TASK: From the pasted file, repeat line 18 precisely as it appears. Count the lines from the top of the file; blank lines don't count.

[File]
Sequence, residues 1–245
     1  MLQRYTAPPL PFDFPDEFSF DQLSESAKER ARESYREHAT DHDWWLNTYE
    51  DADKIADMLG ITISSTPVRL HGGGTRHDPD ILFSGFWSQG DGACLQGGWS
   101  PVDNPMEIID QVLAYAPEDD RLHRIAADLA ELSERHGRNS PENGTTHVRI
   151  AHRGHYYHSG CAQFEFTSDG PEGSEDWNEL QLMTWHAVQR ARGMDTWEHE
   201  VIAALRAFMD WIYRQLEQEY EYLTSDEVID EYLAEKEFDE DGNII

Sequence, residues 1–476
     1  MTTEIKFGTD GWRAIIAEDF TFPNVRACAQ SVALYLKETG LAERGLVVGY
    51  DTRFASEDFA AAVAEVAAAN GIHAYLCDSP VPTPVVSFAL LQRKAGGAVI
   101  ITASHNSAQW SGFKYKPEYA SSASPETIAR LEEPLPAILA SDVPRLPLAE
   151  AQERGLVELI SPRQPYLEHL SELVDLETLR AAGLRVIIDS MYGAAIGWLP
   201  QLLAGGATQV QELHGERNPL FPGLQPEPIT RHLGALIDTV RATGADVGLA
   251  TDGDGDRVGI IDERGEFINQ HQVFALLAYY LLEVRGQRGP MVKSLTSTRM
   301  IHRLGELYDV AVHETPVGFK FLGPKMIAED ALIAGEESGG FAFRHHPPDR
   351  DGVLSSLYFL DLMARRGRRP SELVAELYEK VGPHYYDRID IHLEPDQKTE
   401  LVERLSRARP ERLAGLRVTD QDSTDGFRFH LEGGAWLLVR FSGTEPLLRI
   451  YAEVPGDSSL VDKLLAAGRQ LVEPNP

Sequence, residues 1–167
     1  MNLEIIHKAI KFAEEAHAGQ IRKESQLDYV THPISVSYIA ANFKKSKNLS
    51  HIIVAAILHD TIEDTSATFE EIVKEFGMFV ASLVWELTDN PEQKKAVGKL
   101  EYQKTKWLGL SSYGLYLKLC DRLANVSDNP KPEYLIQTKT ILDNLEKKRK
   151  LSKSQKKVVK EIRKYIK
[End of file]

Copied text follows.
Sequence, residues 1–167